The NOAH trial is a multicenter, randomized, open-label trial that is the largest trial to date evaluating Herceptin in addition to anthracycline and taxane-based chemotherapy as neoadjuvant therapy in locally advanced breast cancer.10 It included 228 patients with HER2 positive, locally advanced breast cancer (T3N1 or any T plus N2 or N3 or ipsilateral supraclavicular node involvement). Patients were randomized to neoadjuvant therapy consisting of three cycles of Adriamycin® (doxorubicin) (60 mg/m ) and Taxol® (paclitaxel) (150 mg/m q3w), four cycles of Taxol (175 mg/m q3w), and three cycles of CMF (cyclophosphamide 600 mg/m, methotrexate 40 mg/m, 5-fluorouracil 600 mg/m q4w) on days 1 and 8, with or without concomitant Herceptin (8 mg/kg loading dose then 6 mg/kg q3w for one year) . Patients continued taking Herceptin for up to 52 weeks. The primary endpoint was event-free survival (EFS), defined as the time between randomization and recurrence after surgery, progression while on therapy, or death from any cause.

  • At three years event-free survival was 70% for patients treated with Herceptin compared with 53% among patients treated with chemotherapy only (HR =0.55, p=0.006).
  • Overall response rates were 89% for the Herceptin arm compared with 77% for the chemotherapy only arm (p=0.02).
  • Survival trended toward an improvement in the Herceptin arm; however, this did not reach statistical significance (HR=0.65, p=0.18).
  • Notably, 95% of patients had common toxicity criteria values of 0-1 for cardiac toxicity.
  • Few grade III/IV adverse events in the Herceptin arm were noted.

The researchers concluded, “This analysis of the NOAH study establishes neoadjuvant [Herceptin] with [chemotherapy] as a standard treatment option in women with HER2-positive LABC [locally advanced breast cancer].”

The 2008 SABCS delivered results on important advancements towards the ultimate goal of improving cure rates and long-term survival coupled with optimal quality of life for patients with all stages of breast cancer.

1 Mouridsen HT, et al. BIG 1-98: a randomized double-blind phase III study evaluating letrozole and tamoxifen given in sequence as adjuvant endocrine therapy for postmenopausal women with receptor-positive breast cancer. Proceedings from the 2008 San Antonio Breast Cancer Symposium. Abstract 13.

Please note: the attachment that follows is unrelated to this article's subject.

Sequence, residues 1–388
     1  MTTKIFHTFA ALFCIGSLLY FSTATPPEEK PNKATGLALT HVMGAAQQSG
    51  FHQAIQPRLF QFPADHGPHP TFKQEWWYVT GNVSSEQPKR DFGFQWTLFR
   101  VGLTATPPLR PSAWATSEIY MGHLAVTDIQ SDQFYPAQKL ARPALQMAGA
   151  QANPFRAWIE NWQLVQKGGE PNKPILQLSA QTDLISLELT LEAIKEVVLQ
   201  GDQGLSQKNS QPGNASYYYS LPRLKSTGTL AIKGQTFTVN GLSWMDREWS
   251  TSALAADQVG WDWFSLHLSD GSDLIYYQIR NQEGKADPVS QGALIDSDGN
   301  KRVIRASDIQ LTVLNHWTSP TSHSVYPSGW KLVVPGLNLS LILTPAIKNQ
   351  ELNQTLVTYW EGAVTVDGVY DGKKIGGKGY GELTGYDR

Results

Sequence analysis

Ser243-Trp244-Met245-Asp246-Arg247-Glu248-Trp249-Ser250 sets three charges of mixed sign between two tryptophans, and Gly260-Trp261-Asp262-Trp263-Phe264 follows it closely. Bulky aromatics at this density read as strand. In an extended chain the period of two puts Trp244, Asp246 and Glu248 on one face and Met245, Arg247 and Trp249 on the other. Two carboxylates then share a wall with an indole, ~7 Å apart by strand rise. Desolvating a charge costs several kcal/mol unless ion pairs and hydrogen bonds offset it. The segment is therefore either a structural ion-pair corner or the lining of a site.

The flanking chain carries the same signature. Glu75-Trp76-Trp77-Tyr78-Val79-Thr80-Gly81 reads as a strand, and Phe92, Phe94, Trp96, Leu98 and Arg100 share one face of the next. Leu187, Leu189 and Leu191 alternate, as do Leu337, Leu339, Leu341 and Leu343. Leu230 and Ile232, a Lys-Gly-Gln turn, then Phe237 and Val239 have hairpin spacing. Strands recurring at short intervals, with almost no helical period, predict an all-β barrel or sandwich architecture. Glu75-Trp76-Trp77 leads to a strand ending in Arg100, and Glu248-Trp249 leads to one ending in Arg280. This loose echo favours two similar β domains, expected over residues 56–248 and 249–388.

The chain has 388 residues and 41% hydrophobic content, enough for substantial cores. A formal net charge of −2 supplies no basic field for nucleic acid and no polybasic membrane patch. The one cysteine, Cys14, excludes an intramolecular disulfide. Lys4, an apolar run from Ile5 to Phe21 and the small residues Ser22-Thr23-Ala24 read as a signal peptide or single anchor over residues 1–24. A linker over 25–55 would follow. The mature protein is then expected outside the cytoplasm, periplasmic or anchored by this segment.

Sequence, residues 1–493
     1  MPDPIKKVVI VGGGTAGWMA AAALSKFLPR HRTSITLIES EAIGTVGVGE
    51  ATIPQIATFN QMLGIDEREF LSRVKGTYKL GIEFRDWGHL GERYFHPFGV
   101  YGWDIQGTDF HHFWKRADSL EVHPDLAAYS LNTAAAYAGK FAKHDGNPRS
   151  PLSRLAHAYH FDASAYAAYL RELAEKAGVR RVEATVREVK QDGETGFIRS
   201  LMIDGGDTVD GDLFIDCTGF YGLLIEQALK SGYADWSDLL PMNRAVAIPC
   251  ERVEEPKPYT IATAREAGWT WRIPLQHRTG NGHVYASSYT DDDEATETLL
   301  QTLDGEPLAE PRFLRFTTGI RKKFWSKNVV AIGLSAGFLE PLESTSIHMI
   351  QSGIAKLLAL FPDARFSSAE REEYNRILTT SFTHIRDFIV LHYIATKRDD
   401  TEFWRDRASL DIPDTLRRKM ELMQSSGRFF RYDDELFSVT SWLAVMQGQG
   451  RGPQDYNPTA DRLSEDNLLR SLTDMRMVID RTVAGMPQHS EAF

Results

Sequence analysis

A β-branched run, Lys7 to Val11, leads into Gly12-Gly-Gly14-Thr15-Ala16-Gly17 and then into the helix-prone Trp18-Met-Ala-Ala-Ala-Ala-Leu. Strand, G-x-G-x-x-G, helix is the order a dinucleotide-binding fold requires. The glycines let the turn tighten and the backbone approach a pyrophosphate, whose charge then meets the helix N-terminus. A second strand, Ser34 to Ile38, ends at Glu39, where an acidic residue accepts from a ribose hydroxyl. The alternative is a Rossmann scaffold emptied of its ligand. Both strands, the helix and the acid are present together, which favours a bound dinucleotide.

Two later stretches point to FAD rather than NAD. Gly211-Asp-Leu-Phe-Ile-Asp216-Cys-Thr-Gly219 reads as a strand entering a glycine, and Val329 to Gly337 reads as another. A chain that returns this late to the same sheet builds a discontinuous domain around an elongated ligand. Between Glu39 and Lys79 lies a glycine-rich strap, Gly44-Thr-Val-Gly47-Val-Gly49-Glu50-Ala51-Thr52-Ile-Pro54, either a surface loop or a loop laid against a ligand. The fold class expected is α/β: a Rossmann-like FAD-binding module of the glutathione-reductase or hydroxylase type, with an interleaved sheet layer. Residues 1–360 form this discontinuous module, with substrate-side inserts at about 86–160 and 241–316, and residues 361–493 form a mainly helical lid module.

2 Jones SE, et al. Results of the first planned analysis of the TEAM (tamoxifen exemestane adjuvant multinational) prospective randomized phase III trial in hormone sensitive postmenopausal early breast cancer. Proceedings from the 2008 San Antonio Breast Cancer Symposium. Abstract 15.

3 Ellis GK, Bone HG, Chlebowski R, et al. A 24-month subgroup analysis of the effect of denosumab on bone mineral density in women with breast cancer undergoing aromatase inhibitor therapy. Presented at the 2008 Annual San Antonio Breast Cancer Symposium. Abstract 2106.

4 Ellis G, Bone HG, Chlebowski R, et al. A phase 3 study of the effect of denosumab therapy on bone mineral density in women receiving aromatase inhibitors for nonmetastatic breast cancer. Presented at the 2008 Annual San Antonio Breast Cancer Symposium. Abstract 47.

5 Gnant, M. et al. Efficacy of zoledronic acid in premenopausal women with breast cancer receiving adjuvant endocrine therapy – the ABCSG-12 trial. Presented at: the 44th Annual Meeting of the American Society of Clinical Oncology (ASCO) in Chicago, Ill., 31 May – 2 June, 2008; Abstract LBA4

6 Eidtmann H, Bundred NJ, DeBoer R, et al. The effect of zoledronic acid on aromatase inhibitor associated bone loss in postmenopausal women with early breast cancer receiving adjuvant letrozole: 36 months follow-up of ZO-FAST. Program and abstracts of the 31st Annual San Antonio Breast Cancer Symposium; December 10-14, 2008; San Antonio, Texas. Abstract 44.

7 Winter M et al. The addition of zoledronic acid to neoadjuvant chemotherapy may influence pathological response-exploratory evidence for direct antitumor activity in breast cancer. Proceedings from the 2008 San Antonio Breast Cancer Symposium. Abstract 5101.

8 O’Shaughnessy J, et al. Superior survival with capecitabine plus docetaxel combination therapy in anthracycline-pretreated patients with advanced breast cancer: phase III trial results. J Clin Oncol. 2002;20:2812-2823.

9 Joensuu H, et al. Significant improvement in recurrence-free survival (RFS) when capecitabine (X) is integrated into docetaxel (T) → 5-FU + epirubicin + cyclophosphamide (CEF) adjuvant therapy for high-risk early breast cancer (BC): interim analysis of the FinXX-trial. Proceedings from the 2008 San Antonio Breast Cancer Symposium. Abstract 78.

10 Gianni L, et al. Neoadjuvant trastuzumab in patients with HER2-positive locally advanced breast cancer: primary efficacy analysis of the NOAH trial. San Antonio Breast Cancer Symposium 2008. Abstract 31.